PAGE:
By RYAN TOLMICH
As he enters his 16th season in charge of the league, MLS commissioner Don Garber is prepared to usher in a new era. However, that era may begin without Chivas USA.
With the team in the state of flux due to ownership struggles, the commissioner admitted Thursday that Chivas USA may be forced to sit out the 2015 season, and even beyond, as the league looks for a suitable owner. Garber did reiterate his hope to find a buyer by the end of the 2014 season.
The 2014 season will also see the end of the league’s current identity, signaling a new direction.
That path, according to Garber, is influenced by the youth, as the commissioner believes that the league has taken a step with those fans that have supported the league since childhood.
“It’s important to note that next year is our 20th season and it’s an important milestone for us because it is the first full turn of a generation,” Garber said. “From the amount of time that kids spend with their families, we’ve seen this enormous connection with young people that have grown up with the game.
“Now, they’ve all grown up and they are energized and they are active supporters of their local MLS club and their respective national teams and we wanted to reflect that new energy.”
However, the new logo has received it’s fair share of criticism, as the league has opted for a shield instead of a more commonly used ball representation.
“We spent a lot of time thinking about ‘do you put a ball in the logo?’ and, if you look around at the league logos around the world, they all have a ball in it,” Garber said. “The shield represents an identity that is very soccer or football oriented and we don’t believe that we need to take elements of the game to tell the world or our fans that we’re a soccer league.
“It’s what we do in our stadiums,” Garber continued. “It’s what we do with our media partners. It’s what we do with the community that’s going to reflect our connection to the global game.”
The logo debut isn’t the only criticism MLS has faced in recent weeks, as two of the league’s most recognizable faces, Bruce Arena and Michael Bradley, have voiced their opinion about issues they have with MLS — more specifically, the player acquisition process and refereeing
Arena was fined what Garber revealed to be $20,000 for comments regarding the LA Galaxy’s failed acquisition of Sacha Kljestan. Garber said he was disappointed with Arena’s comments on alleged league interference in the deal, which Garber also stated was never presented for approval.
“All of our employees, whether they’re league executives or club executives, even going so far as to including our owners, are bound by an agreement that we will not criticize the system that our ownership is fully committed to,” Garber said.
“I have enormous respect for Bruce Arena and think that he should be a real icon for our sport. It pains me to have to fine him for making comments that he obviously feels strongly about, but feels required by league rules to keep to himself. It’s something that I would have preferred not to do.”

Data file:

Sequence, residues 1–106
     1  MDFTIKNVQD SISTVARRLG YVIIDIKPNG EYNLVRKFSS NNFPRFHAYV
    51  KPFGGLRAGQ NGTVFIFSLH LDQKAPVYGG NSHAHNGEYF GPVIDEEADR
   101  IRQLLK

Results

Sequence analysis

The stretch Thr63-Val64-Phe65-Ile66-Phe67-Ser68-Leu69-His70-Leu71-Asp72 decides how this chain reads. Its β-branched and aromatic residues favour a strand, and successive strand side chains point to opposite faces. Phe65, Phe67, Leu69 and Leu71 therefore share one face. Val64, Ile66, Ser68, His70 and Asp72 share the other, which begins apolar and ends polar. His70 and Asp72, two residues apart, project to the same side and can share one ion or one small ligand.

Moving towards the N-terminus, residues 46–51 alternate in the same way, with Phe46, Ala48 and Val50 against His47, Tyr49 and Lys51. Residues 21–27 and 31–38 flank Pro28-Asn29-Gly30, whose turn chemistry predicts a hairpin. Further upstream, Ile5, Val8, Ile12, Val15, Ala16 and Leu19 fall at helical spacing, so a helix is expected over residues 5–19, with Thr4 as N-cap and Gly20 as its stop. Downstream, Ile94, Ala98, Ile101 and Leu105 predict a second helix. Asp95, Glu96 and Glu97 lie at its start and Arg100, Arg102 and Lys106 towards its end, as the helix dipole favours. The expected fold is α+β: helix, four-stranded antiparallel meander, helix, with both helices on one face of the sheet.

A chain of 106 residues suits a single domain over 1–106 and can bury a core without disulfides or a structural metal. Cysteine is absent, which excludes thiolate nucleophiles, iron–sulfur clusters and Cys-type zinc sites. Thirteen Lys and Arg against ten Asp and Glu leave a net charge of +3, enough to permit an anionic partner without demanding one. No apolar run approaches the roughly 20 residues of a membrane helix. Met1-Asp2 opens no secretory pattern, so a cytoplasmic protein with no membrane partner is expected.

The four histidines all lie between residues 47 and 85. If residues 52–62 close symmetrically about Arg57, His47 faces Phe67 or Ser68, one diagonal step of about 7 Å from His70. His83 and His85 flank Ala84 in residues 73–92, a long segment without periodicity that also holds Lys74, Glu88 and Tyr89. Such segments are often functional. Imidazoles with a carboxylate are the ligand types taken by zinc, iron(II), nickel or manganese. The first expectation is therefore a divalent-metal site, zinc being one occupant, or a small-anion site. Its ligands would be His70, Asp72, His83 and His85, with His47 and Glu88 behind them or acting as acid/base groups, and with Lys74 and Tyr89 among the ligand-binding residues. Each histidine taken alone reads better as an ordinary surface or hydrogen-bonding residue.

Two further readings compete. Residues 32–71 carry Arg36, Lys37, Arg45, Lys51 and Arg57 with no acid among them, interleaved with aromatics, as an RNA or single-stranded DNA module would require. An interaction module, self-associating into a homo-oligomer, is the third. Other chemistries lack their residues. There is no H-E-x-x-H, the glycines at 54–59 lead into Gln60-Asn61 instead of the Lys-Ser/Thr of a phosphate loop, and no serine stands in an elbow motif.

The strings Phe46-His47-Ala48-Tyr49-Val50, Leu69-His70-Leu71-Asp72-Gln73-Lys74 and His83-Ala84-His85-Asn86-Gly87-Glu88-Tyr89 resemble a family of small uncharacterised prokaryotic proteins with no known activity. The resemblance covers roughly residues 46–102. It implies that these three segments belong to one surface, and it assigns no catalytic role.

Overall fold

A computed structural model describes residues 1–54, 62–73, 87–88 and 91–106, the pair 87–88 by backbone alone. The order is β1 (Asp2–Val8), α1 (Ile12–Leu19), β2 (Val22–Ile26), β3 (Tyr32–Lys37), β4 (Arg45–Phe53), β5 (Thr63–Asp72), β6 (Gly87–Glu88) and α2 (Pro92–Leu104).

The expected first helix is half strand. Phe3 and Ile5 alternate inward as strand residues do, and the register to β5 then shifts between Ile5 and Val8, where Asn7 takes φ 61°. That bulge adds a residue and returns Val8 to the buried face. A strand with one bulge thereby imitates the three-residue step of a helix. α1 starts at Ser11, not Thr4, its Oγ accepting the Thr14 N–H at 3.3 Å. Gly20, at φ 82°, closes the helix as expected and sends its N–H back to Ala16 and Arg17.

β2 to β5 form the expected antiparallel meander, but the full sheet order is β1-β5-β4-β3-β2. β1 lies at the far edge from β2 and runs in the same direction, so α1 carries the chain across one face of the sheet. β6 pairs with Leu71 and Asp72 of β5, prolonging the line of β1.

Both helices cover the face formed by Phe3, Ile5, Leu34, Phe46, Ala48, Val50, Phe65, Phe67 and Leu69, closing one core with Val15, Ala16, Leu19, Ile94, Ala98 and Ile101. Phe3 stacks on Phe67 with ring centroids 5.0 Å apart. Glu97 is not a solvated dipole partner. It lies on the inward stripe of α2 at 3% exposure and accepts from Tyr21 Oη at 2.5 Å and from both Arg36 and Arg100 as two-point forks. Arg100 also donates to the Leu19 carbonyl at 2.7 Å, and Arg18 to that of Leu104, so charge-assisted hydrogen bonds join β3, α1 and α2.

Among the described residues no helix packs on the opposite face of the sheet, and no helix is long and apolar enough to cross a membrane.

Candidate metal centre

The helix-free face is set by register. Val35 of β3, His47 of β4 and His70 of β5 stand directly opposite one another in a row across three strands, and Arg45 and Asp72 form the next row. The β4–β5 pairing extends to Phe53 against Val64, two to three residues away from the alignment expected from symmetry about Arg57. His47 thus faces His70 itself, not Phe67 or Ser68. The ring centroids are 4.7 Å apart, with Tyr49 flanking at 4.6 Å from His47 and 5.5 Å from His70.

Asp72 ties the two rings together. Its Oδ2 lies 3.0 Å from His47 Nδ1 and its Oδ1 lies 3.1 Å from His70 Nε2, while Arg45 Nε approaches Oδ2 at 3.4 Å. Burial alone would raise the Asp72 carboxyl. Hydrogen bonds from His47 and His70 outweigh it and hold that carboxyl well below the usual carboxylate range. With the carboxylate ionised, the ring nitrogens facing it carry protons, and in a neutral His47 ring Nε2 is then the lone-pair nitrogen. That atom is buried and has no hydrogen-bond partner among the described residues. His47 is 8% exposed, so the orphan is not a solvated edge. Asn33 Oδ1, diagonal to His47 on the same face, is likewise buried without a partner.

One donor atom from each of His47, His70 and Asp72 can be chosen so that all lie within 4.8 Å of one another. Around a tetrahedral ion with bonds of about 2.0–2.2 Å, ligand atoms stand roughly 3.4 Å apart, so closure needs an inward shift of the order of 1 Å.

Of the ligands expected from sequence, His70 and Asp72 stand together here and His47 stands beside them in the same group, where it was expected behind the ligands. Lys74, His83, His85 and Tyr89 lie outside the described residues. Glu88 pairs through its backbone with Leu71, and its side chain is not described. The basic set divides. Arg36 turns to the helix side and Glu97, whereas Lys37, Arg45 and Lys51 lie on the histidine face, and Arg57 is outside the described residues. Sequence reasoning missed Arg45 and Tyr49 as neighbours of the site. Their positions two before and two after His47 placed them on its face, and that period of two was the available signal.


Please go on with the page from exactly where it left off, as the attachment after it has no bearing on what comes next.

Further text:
Meanwhile, Bradley, who spoke out against the league’s referees earlier this week, earned the sympathy of Garber, who felt Bradley had a point in relation to the missed call that doomed Toronto FC in their draw with the Chicago Fire last week.
“That referee did not get it right in that game and we shouldn’t be ashamed of saying that,” Garber said. “There are many things that I don’t get right and haven’t gotten right, either every day or in my 15 years as commissioner. While we have a culture where, in our league versus baseball for example, we don’t go public with those kinds of statements, but I feel for Toronto FC.”
Despite his condolences, Garber also stated that Bradley may not escape punishment, as the league could still take action against the midfielder.
“The league is reviewing Michael’s comments and, in light of the fact that it is not an on-field issue, we have time to ensure that we make the right decision there,” Garber said.
“Michael’s the leader of that club, he’s been a great asset to the league. I have tremendous respect for him, but we’ll take a close look at it and see if there’s any discipline required, but I understand and sympathize with his frustration.”
In addition to Bradley, Garber also has a frustrated potential owner to handle, as David Beckham’s Miami project has struggled to seal a stadium plan. Despite the issues, Garber remains committed to the Miami plan and hopes to work towards figuring out details now that he is cancer-free.
“We have been struggling to get a stadium location that we think will be suitable and put the team in a position to succeed,” the commissioner said. “We’re going to go through that process and we are committed to David and committed to the city to try and find something that we think will work. Now that I’m back in the saddle, I’m going to be spending a lot more time on it.
“Right now we’re really focused on having a downtown stadium,” Garber added. “We’ve seen how that has worked for us in so many other markets. It’s a very unique and interesting city and we want to be where all the energy and all the excitement is. We have an energetic new logo and we want to have an energized new team down in Miami.”
What do you think about the Chivas USA situation? What’s your opinion on Arena’s fine? What do you think about Garber’s support of Bradley? How do you see the Miami situation unfolding?
Share your thoughts below.